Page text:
With this project we wish to take audiences beyond the expected norms of current affairs reportage and instead place them in a challenging and confrontational new environment that demands engagement on an emotional and visceral level.
By doing so we believe we can offer an alternative vision of Iraq and its people - both in content and form.
Concept behind the work
Whilst making this project we saw how the process of being displaced had imposed a ceaseless uncertainty on lives of the people we met.
Even in the rare cases of individuals who had managed to rebuild their lives successfully there was still a strong sense their displacement continued on a daily basis.
At the time we noted in a journal:
Nothing will ever be the same again, the memory of the past remains, like a spectre that continues to haunt and alter the present. The home, the street, the landscape feel and sound differently depending on the individual's state of mind.
For this reason we wanted to create a circular form to our work that would simultaneously repeat and alter over time. To do this we have chosen to loop a video alongside a separate audio loop of a different duration. Over time image and sound drift apart - producing fresh interactions between sound and image with every cycle.
Every hour, the audio and video reach a synchronicity point again for one loop before they slowly slip apart again - creating an endless spiral in time.
How the money will be spent?
We would like to develop this project further and show the work to a larger audience but we need your support to do so.
Your money will help us publicly show the installation elsewhere. We are already in talks with galleries in Berlin and Istanbul but we don’t want to stop there. We would like to purchase the equipment so we can put the work on in less formal art spaces, showing the work in community centres, public squares and back streets.
Alongside this we want to produce a 32-page book that will accompany the exhibition and include images from the installation along with more detailed texts and essays about internally displaced people in Iraq. Your money will help us create this.
Finally we wish to expand the installation into a multi-screen work. We have so many powerful stories and images which we haven’t been able to include in the work at present. Your help will allow us to edit this material for inclusion in future exhibits.
By supporting us you will allow us to tell more people's stories to a wider audience and help generate greater consideration about the situation many displaced people in the Middle East face on a daily basis.For the sake of full transparency please see below a breakdown of how we will spend our goal of £6000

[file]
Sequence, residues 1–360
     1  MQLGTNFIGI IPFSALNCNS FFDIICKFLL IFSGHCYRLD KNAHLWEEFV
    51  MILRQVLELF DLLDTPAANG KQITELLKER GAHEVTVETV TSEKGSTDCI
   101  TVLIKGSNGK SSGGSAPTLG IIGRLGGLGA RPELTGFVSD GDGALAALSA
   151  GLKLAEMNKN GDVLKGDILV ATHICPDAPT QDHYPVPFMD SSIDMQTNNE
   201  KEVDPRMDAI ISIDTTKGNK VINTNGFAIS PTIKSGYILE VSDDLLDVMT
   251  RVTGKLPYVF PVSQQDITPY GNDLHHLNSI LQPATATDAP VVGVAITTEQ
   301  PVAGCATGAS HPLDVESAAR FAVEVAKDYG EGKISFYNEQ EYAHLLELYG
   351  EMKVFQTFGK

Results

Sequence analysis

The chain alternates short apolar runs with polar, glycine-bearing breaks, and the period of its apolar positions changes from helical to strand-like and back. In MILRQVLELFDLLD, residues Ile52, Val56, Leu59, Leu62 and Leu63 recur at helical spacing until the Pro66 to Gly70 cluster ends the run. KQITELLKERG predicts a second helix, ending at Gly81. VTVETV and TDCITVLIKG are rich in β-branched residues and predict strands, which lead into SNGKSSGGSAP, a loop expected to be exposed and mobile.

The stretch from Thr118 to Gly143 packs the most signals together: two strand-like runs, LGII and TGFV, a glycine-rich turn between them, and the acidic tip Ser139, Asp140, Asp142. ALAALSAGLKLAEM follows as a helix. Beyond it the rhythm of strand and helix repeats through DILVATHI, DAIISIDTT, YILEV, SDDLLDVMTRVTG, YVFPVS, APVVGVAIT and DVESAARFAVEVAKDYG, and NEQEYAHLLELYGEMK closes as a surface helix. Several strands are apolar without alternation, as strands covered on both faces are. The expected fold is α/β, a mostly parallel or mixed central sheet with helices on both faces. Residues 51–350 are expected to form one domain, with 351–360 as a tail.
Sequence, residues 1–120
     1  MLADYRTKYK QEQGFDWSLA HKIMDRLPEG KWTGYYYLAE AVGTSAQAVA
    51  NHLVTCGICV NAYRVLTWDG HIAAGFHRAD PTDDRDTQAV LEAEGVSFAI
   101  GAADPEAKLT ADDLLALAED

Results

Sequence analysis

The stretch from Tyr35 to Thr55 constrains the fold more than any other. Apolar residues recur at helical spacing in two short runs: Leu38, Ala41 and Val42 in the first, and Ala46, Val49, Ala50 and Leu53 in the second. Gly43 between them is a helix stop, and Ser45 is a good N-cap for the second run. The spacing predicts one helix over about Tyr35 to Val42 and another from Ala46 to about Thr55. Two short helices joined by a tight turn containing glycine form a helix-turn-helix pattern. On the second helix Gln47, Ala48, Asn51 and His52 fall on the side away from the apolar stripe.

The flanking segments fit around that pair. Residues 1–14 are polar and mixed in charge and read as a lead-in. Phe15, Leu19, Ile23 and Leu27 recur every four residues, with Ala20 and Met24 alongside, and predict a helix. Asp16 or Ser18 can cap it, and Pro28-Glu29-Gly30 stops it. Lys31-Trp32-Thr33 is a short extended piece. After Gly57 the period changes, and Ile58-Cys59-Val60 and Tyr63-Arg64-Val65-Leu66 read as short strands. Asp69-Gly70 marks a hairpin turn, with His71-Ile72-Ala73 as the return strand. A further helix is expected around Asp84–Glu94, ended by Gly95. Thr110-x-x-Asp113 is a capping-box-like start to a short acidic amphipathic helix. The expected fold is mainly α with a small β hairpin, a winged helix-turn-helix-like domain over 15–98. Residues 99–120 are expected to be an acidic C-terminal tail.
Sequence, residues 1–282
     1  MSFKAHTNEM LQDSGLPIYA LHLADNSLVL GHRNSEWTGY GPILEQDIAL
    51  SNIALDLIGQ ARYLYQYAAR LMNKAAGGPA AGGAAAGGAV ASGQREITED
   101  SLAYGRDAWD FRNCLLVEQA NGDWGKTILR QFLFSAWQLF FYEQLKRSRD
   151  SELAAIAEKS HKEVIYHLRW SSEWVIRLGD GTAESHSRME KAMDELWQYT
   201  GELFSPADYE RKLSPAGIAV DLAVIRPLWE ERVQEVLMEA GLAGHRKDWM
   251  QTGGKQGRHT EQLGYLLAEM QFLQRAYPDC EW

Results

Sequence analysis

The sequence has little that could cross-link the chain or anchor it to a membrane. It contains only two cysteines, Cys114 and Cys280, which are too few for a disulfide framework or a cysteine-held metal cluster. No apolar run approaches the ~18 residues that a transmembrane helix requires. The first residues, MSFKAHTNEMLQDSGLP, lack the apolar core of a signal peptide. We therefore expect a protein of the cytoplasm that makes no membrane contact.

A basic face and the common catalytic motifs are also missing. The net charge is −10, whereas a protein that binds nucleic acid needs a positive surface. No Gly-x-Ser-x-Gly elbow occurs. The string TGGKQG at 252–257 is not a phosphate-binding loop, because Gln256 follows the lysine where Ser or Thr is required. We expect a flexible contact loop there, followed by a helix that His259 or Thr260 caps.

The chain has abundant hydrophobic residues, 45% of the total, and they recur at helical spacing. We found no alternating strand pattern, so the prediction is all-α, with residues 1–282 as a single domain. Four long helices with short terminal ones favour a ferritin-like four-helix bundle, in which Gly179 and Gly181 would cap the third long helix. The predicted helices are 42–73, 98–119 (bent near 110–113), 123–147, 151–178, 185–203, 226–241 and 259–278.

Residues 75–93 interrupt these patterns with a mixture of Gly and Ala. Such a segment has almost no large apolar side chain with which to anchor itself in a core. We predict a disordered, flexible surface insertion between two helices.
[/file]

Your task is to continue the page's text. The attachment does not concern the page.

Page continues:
- Kickstarter and credit card percentage (10%) - £500
Extra funding beyond our goal
Except for a small grant to put the exhibition on in London we have not received any payment for our work to date - in fact so far we have entirely self-financed this project.
Any additional money above our goal is welcomed and will continue to go directly to the project. It will enable us to further expand the work and exhibit it at other locations and to new audiences.
We pledge to fully detail how we spend the money we receive from you in our regular email updates and here on our Kickstarter page.
We already have worked with a number of NGOs in Iraq to help create this work but we would welcome support and collaboration with other organisations seeking to help displaced people in the Middle East.
If you work for such an organisation please get in touch. We would love to talk with you.
Risks and challenges
1) We have already filmed our footage, taken our photographs, recorded our interviews and ambient sounds. We have translated everything. It is all there - ready to be shown to audiences.
2) We have a rough assembly of ‘The Circle’ and have a first exhibition of the work in place. It is happening in collaboration with Counterpoint Arts in London. The place and date are fixed (June 16-21). We need your support so we can repeat this success elsewhere.
3) We have a proven track record of completing both commercial and self-initiated projects to a very high standard and have the full support of Key Pictures, a UK based production company.
4) We promise you won't be disappointed! Thank you for your support.Learn about accountability on Kickstarter
- (25 days)